NIS/NFS & iptables - Security

This is a discussion on NIS/NFS & iptables - Security ; I have been working on securing my servers using iptables. At this point, I have made it past most of my roadblocks. I'm now experiencing issues with NIS/NFS as I am unable to determine the exact ports to open up. ...

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Thread: NIS/NFS & iptables

  1. NIS/NFS & iptables

    I have been working on securing my servers using iptables. At this
    point, I have made it past most of my roadblocks. I'm now experiencing
    issues with NIS/NFS as I am unable to determine the exact ports to open
    up. I'm hoping someone has some experience with this and can help me
    out.

    Here is a description of the network I'm dealing with:

    I have 1 server acting as the the NIS/NFS server. There are 2 servers
    connecting to it. All of these connections are taking place on the
    eth1 interface which is used for the internal network. eth0 is
    connected directly to the internet. What ports need to be opened on
    the NIS/NFS server and what ports need to be opened on the client
    servers?


    Thanks,
    Jason


  2. Re: NIS/NFS & iptables

    On Fri, 02 Dec 2005 22:22:27 -0800, Jason Williard wrote:

    > I have been working on securing my servers using iptables. At this
    > point, I have made it past most of my roadblocks. I'm now experiencing
    > issues with NIS/NFS as I am unable to determine the exact ports to open
    > up.


    You 'd need to configure NIS to bind to ports statically:
    http://www.redhat.com/docs/manuals/l...erver-nis.html

    The port for NFS is 2049 (also start "mountd" and "statd" with '-p #')

    > I'm hoping someone has some experience with this and can help me
    > out.


    Other then the above you need to allow the RPC portmapper (port 111.)
    For NFS read the manpages of: portmap nfsd mountd statd and maybe rquotad

    Much much easier to just use libwrap (tcpwrappers) though.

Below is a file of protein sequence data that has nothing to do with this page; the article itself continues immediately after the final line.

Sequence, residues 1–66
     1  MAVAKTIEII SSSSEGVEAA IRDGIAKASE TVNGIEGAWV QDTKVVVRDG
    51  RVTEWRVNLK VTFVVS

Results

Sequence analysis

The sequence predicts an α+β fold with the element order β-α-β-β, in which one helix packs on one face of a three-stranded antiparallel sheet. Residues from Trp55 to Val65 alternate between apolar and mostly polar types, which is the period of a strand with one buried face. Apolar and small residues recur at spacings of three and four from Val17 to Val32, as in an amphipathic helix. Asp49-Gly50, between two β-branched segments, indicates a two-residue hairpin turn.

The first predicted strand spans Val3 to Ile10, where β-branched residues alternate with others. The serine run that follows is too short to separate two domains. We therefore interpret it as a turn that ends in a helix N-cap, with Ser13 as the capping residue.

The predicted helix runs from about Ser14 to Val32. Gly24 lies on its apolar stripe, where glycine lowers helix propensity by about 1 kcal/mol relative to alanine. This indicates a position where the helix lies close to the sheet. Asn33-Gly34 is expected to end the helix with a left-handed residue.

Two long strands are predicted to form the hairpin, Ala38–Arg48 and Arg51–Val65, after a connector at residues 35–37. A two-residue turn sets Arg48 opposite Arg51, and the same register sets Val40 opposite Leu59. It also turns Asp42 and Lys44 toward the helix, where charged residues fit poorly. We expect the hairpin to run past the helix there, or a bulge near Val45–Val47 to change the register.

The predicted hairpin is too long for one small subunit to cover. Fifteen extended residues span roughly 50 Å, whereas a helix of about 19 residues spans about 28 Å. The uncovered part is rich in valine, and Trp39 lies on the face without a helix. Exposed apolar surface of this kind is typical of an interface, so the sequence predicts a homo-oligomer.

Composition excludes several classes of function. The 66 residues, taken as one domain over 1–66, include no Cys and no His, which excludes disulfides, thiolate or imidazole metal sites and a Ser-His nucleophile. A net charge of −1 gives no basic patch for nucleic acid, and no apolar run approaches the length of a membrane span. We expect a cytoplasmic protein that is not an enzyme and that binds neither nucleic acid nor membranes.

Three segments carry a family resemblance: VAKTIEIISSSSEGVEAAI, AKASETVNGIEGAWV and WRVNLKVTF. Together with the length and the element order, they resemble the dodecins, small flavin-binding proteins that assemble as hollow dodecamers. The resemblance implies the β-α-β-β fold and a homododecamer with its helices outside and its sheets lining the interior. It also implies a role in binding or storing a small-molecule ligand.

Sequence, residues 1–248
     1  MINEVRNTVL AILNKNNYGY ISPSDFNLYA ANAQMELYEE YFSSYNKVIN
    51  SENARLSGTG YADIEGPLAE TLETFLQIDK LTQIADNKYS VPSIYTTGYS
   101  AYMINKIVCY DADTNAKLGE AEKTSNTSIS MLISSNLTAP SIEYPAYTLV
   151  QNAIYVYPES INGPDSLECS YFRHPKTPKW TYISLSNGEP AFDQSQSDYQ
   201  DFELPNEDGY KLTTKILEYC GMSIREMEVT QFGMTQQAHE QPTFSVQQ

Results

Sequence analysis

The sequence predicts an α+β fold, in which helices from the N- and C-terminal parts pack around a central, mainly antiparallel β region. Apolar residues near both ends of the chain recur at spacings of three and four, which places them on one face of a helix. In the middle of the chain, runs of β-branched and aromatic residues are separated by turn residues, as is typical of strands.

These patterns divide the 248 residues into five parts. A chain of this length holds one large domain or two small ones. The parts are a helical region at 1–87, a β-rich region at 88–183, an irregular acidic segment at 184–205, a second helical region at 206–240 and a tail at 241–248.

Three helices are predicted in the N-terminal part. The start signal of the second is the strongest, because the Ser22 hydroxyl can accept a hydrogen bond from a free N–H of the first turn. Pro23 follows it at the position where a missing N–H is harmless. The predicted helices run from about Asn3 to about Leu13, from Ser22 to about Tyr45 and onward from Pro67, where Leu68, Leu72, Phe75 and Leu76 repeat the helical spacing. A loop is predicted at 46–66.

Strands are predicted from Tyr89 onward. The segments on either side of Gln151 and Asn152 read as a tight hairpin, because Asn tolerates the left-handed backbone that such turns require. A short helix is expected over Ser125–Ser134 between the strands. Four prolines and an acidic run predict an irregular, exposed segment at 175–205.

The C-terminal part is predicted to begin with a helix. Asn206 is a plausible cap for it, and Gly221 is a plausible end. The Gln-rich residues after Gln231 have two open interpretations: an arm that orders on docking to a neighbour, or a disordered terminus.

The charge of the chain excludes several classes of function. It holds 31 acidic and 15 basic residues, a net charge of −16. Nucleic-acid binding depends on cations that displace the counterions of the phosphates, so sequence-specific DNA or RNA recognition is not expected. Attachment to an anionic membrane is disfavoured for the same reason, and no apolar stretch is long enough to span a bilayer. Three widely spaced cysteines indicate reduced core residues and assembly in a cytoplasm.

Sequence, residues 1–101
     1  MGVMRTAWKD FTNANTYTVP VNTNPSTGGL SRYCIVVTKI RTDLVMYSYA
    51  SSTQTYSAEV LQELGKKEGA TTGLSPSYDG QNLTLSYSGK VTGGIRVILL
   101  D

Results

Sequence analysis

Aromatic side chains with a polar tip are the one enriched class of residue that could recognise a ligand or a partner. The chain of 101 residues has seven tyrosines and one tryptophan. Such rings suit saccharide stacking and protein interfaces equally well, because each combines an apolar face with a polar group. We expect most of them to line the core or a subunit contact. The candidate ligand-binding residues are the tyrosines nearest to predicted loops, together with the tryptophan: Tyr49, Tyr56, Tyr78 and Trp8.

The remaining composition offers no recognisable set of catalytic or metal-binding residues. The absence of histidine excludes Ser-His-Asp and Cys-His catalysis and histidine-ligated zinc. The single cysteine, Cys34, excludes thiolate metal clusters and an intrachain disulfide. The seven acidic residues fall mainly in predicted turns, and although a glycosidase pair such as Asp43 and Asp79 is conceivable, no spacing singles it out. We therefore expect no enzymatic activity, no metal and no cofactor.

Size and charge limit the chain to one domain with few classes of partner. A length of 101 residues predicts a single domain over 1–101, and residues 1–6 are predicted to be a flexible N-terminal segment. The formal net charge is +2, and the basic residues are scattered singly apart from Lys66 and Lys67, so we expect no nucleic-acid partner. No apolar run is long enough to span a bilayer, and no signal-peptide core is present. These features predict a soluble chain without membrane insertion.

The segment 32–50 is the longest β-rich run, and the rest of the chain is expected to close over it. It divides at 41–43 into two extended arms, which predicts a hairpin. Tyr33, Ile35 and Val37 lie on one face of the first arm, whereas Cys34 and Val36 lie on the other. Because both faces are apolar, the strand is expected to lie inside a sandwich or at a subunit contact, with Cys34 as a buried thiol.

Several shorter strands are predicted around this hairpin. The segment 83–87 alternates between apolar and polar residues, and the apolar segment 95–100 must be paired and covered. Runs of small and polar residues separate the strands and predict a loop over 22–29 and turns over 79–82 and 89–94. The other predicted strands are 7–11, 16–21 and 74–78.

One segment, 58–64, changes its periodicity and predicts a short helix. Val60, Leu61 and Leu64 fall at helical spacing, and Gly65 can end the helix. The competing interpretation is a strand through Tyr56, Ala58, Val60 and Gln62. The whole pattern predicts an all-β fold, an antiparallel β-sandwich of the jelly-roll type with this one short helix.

--
    -Menno.


  3. Re: NIS/NFS & iptables

    Jason Williard wrote:
    > I have been working on securing my servers using iptables. At this
    > point, I have made it past most of my roadblocks. I'm now experiencing
    > issues with NIS/NFS as I am unable to determine the exact ports to open
    > up. I'm hoping someone has some experience with this and can help me
    > out.
    >
    > Here is a description of the network I'm dealing with:
    >
    > I have 1 server acting as the the NIS/NFS server. There are 2 servers
    > connecting to it. All of these connections are taking place on the
    > eth1 interface which is used for the internal network. eth0 is
    > connected directly to the internet. What ports need to be opened on
    > the NIS/NFS server and what ports need to be opened on the client
    > servers?
    >
    >


    I wanted to do something similar (I wanted to block traffic, rather than
    allow it), part of my script is below, the host in question was
    10.0.0.2, the bits below do an rpc query on the hosts, discovering the
    ports in use, and block them, you could just change the block to an accept.

    Bear in mind that you might need to rerun these should your systems
    reboot, if you have a firewall script, you can cron this, by making a
    custom chain, and delete/recreate the chain every hour. I just know to
    rerun the firewall script when we have downtime on the server.

    Found this little nugget on google:


    RPC_TCP=`rpcinfo -p 10.0.0.2 | perl -n -e '/.*tcp\s+(\d+)\s+/ && print
    $1,"\n"'|sort -u`
    for port in $RPC_TCP; do
    iptables -A FORWARD -d 10.0.0.2 -p tcp --dport $port -j DROP
    done

    RPC_UDP=`rpcinfo -p 10.0.0.2 | perl -n -e '/.*udp\s+(\d+)\s+/ && print
    $1,"\n"'|sort -u`
    for port in $RPC_UDP; do
    iptables -A FORWARD -d 10.0.0.2 -p udp --dport $port -j DROP
    done

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